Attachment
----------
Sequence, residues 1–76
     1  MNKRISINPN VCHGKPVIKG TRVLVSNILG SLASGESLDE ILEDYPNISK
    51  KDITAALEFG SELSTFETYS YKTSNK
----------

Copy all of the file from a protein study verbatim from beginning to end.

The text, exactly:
Sequence, residues 1–76
     1  MNKRISINPN VCHGKPVIKG TRVLVSNILG SLASGESLDE ILEDYPNISK
    51  KDITAALEFG SELSTFETYS YKTSNK